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The Skinny on Expanded Distribution

If you’ve been following along, you already know that I’ve been providing input on various things – including pricing your novel, different tools of the trade, and how to multitask. In my previous post, I mentioned that I’d get a bit more into Expanded Distribution…and here we go.

Some of you might wonder what Expanded Distribution is. Putting it plainly, it’s slightly different from just uploading your novel to Amazon, Lulu, etc…, and I provided examples of distribution options in a previous post. When you decide to opt-in for Expanded Distribution, you are placing your novel for consideration to also be added to other stores and platforms.

For example, if you decided to publish through Amazon and neither selected nor qualified (more on that shortly) for Expanded Distribution, then your work would remain solely on Amazon. Opting in for Expanded Distribution makes your novel available in a catalog for possible purchase by Barnes & Noble, Apple, as well as other bookstores and even libraries. While all of that sounds absolutely amazing, there is a somewhat sober reality when Expanded Distribution is concerned.

I have published both my novels through Amazon, so I will only speak of my experience as an author under the Amazon “umbrella,” and their way of doing things and dealing with Expanded Distribution. Got it? Okay.

In order to even qualify for Expanded Distribution at Amazon, your novel has to meet two conditions. Both the trim size and the price of the novel must adhere to specific guidelines. For more explanations about trim size, you can either go back to read my Pricing Your Novel post, or you may research it on your own to know what I mean. In short, certain trim sizes for novels are considered to be more marketable than others. If your novel doesn’t meet that level of marketability, you can forget about having it considered for Expanded Distribution.

So, too, must you also forget about Expanded Distribution if your novel has a price tag of less than $10. There are two reasons for this…Amazon would make no money off of a novel with that price point, and neither would you. In fact, if it’s priced too low, you could actually end up owing money for each novel sold.

“That makes no sense! I have a deal with Amazon that entitles me to 60% royalties!”

No. No, you don’t. Not really. Not on every novel sold, at least. When Expanded Distribution comes into play, whatever other royalty “deal” you had with Amazon goes out of the window for anything not sold directly by and through Amazon. Expanded Distribution plays by different rules altogether. Check this out…

In the Pricing Your Novel post, I showed you a similar graphic that explained the $5.89 printing cost as shown above. I explained the printing cost of a 420-page novel with certain specifications, and that nearly six bucks are being deducted from YOUR end of every book sold and printed. Considering that your part of the profit is 60% and then $5.89 is deducted from whatever that 60% amounts to, how does that ultimately affect how much you can make? Of course, printing cost varies based upon page count, paper used, interior, etc…but, this is a general idea. A novel would have to be priced at $13+ to achieve any sort of profit, and $13 is cutting it very close. Any lower and there would be no profit at all.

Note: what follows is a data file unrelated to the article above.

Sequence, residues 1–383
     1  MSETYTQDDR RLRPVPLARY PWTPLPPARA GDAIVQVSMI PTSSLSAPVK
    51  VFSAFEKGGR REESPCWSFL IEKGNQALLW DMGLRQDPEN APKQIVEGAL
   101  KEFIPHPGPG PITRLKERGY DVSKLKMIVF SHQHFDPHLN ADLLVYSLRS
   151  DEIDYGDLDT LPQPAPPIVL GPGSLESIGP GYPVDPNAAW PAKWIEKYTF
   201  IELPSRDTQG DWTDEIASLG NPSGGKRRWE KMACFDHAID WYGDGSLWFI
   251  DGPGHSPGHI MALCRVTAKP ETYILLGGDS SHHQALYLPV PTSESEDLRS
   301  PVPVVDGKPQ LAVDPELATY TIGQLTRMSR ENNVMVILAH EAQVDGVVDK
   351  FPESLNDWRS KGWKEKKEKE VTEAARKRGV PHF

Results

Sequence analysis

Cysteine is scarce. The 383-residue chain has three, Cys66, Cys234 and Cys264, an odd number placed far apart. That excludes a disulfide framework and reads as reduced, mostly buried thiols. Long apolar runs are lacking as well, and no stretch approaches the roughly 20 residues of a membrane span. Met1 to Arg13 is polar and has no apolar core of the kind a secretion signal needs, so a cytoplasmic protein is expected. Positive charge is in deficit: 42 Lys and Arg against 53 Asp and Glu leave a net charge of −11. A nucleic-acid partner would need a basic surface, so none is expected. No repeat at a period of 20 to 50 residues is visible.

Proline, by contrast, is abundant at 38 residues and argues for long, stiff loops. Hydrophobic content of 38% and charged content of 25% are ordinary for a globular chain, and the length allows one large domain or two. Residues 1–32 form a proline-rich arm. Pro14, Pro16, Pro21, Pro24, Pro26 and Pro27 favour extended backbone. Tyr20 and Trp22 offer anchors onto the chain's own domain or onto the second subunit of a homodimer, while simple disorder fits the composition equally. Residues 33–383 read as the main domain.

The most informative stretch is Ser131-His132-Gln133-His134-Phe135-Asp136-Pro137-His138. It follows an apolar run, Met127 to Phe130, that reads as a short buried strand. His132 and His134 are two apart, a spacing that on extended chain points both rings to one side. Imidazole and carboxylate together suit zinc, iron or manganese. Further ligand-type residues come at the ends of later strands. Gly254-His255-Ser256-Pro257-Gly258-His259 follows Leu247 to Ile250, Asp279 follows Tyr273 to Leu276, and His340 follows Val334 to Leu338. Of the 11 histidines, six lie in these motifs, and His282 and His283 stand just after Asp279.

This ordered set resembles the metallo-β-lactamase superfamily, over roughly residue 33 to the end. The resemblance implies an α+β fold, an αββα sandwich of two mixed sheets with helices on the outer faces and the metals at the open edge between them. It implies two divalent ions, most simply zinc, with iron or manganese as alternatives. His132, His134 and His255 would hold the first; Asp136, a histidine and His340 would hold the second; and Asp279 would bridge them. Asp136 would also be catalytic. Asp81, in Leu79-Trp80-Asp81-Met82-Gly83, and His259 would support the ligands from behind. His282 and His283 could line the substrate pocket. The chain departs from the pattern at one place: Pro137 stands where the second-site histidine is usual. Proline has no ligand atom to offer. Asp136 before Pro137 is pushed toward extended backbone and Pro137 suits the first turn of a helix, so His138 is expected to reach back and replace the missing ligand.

The above example shows what would happen if you priced that same novel at $15.95. Now, when going directly through Amazon things look great. You could make a solid $3.68 in royalties from each novel sold. But, look underneath. Look at what happens when you participate in Expanded Distribution. Your royalty percentage changes – a lot. For every novel sold – to Barnes & Noble, other brick and mortar stores, or to libraries – you earn a whopping $0.49.

Side note: If you ever have the remarkable experience of chatting with a self-published or independent author, you should now realize why you should never consider asking them why their book is priced a certain way. I feel that I’ve given more than enough examples and proof as to why. Most of us are not trying to fleece you. We’re just trying to make a reasonable amount of money off of our work.

With that in mind, is Expanded Distribution even worth it? From my own personal standpoint – yes. It’s still a means of getting my name “out there,” for those who still love to browse the shelves of their favorite book store and might discover me that way rather than via some random Amazon search or by stumbling onto one of my Tweets.

Remember, though, that I did say that participating in Expanded Distribution puts your work in a catalog as something that is available to other entities. That doesn’t mean being granted immediate and automatic placement in anyone’s store. There is still work to be done – namely, pleading a case for inclusion. As for me, I’m starting locally. Considering that we’re enmeshed in a pandemic right now, there will be no traveling to neighborhood bookstores and libraries to ask them to buy a handful of my books in exchange for a local book signing.

However, it is on the calendar for when things return to some semblance of normal.

Stay safe and healthy!